About the Marcomanni and Quadi:
In "Relations between Rome and the German 'Kings' on the Middle Danube in the First to Fourth Centuries A.D.," Lynn F. Pitts says that during the Roman Imperial period, two large German or Suebian tribes, the Marcomanni and Quadi, and smaller tribes, like the Osi and Cotini, living under them, occupied the area of eastern Europe now covered by the Czech Republic, Slovakia [when Pitts wrote, it was still Czechoslovakia], and lower Austria north of the Danube River. Oto Luthar says that during the reign of Antonius Pius (138-166), Germanic and Sarmatian tribes in the area had been asking unsuccessfully for inclusion of their kingdoms in the Roman Empire in order to provide them with protection against barbarians invading from their north.
What Were the Marcomannic Wars?:
Starting in A.D. 167, during the reign of the Roman emperor Marcus Aurelius, the Romans fought the Germanic tribes of the Marcomanni, Quadi, and tribes that allied themselves to them, living along the east bank of the Danube River. While the Romans had been dealing with the Persian front, the Germanic tribes moved across the Middle Danube through Pannonia [see Pannonia in this Map of the eastern provinces of the Roman Empire] and Noricum and into Italy to Aquileia. Aurelius raised an army, recruiting even slaves and gladiators, and fortified the area. Throughout his reign Aurelius kept revisiting the Danube to play the tribes off against each other. Aurelius fought them for 3 years at Carnuntum in Pannonia. Romans suffered defeat in 170 and victory in 171-2. Although it was after this that Aurelius took the title "Germanicus", the Quadi were subdued later. Aurelius planned to create provinces of Sarmatia and Marcomannia, but he died in 180 and the project was abandoned. Instead, Marcus Aurelius' son and successor, Commodus, against the suggestions of advisors, made a treaty of peace with the Quadi and Marcomanni in 180. Mommsen (A History of Rome Under the Emperors, by Theodor Mommsen), who says the 19-year old Commodus just wanted to get back to the capital, calls this an example of the problem of hereditary succession.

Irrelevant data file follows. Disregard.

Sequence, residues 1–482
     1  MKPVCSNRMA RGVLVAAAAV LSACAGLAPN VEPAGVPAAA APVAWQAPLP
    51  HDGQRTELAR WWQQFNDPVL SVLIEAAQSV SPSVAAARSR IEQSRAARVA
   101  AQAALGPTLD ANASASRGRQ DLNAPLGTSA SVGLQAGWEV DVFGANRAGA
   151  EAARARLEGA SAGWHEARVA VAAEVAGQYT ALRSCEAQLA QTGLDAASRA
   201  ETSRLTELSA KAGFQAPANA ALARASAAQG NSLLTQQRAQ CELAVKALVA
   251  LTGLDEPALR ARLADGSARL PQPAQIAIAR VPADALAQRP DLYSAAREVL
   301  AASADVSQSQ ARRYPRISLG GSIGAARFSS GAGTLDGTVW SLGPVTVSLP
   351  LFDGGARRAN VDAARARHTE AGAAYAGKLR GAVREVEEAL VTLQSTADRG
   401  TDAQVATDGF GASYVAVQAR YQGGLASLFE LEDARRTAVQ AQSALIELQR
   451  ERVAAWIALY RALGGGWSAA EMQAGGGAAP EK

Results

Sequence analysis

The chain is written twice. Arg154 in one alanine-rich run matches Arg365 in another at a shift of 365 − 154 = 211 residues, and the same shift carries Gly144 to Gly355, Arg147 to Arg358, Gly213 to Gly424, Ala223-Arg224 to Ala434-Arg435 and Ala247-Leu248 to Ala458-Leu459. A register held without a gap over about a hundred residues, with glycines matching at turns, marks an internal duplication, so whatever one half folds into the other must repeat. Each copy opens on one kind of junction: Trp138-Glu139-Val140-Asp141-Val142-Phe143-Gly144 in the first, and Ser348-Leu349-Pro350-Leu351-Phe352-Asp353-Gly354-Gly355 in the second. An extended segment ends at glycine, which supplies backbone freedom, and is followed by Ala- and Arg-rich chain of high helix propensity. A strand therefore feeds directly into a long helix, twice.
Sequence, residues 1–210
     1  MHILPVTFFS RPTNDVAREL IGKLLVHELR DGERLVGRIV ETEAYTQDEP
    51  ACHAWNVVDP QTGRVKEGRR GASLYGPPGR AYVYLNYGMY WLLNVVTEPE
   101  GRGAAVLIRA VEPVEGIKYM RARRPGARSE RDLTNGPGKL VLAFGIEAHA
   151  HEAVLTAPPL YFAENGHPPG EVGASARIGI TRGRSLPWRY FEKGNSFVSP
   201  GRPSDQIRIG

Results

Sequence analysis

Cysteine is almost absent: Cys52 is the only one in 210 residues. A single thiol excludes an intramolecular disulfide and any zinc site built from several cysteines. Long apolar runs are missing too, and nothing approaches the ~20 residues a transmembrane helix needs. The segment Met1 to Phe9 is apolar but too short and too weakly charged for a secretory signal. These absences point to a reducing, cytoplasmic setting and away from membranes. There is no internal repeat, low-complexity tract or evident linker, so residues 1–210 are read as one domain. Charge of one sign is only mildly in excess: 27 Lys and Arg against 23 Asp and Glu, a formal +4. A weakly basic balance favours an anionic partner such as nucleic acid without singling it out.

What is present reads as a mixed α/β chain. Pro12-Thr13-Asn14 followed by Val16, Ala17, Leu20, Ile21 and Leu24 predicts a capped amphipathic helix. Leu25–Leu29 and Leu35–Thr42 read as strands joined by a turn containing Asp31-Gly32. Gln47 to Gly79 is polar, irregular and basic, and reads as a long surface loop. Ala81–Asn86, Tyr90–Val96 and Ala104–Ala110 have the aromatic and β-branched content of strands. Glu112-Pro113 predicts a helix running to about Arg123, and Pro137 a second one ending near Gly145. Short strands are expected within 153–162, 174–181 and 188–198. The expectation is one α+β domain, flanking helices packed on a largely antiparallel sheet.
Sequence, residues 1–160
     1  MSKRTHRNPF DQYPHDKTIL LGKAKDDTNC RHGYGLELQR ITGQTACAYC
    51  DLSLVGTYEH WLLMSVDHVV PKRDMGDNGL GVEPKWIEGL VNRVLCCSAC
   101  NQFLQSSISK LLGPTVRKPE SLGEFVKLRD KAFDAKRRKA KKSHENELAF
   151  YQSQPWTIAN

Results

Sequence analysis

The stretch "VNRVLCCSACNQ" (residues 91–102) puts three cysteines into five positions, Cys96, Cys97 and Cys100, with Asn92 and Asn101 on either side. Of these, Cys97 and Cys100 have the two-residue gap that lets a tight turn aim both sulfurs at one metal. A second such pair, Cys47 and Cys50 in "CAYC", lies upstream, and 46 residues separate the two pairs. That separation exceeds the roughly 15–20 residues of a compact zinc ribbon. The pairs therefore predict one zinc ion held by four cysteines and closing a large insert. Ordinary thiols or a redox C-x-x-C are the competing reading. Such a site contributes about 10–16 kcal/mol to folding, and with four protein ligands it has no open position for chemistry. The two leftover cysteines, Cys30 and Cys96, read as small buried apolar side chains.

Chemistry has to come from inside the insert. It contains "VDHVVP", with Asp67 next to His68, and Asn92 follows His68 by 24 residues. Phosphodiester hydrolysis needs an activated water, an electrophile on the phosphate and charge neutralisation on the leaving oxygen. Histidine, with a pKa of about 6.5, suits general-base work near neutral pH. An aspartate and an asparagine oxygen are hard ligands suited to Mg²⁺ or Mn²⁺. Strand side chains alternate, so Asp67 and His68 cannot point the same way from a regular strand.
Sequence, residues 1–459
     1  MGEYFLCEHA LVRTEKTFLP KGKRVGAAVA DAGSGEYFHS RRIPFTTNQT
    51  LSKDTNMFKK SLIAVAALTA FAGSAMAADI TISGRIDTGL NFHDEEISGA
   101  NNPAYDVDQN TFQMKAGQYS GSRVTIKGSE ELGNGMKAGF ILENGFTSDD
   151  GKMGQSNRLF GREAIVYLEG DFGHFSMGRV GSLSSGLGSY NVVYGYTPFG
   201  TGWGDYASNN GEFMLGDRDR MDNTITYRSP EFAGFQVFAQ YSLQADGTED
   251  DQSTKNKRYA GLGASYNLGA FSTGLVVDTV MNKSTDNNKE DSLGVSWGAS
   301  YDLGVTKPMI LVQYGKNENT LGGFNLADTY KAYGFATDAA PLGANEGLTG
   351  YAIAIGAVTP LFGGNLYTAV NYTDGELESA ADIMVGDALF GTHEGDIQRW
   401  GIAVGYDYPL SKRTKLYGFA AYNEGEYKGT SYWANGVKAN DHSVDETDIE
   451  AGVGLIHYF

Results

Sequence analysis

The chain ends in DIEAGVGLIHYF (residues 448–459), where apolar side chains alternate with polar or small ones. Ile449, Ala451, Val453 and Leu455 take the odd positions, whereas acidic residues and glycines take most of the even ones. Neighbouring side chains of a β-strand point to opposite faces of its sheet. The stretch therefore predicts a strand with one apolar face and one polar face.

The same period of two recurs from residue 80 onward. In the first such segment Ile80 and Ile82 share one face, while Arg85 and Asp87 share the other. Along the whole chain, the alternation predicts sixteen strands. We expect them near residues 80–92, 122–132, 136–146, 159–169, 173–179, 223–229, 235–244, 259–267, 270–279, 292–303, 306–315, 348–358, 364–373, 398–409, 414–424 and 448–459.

- "Relations between Rome and the German 'Kings' on the Middle Danube in the First to Fourth Centuries A.D."
Lynn F. Pitts
The Journal of Roman Studies
Vol. 79, (1989), pp. 45-58
- The Land Between: A History of Slovenia, by Oto Luthar (2008).
- Franz A. W. Schehl , John Frederick Drinkwater "Marcoman(n)i" The Oxford Classical Dictionary.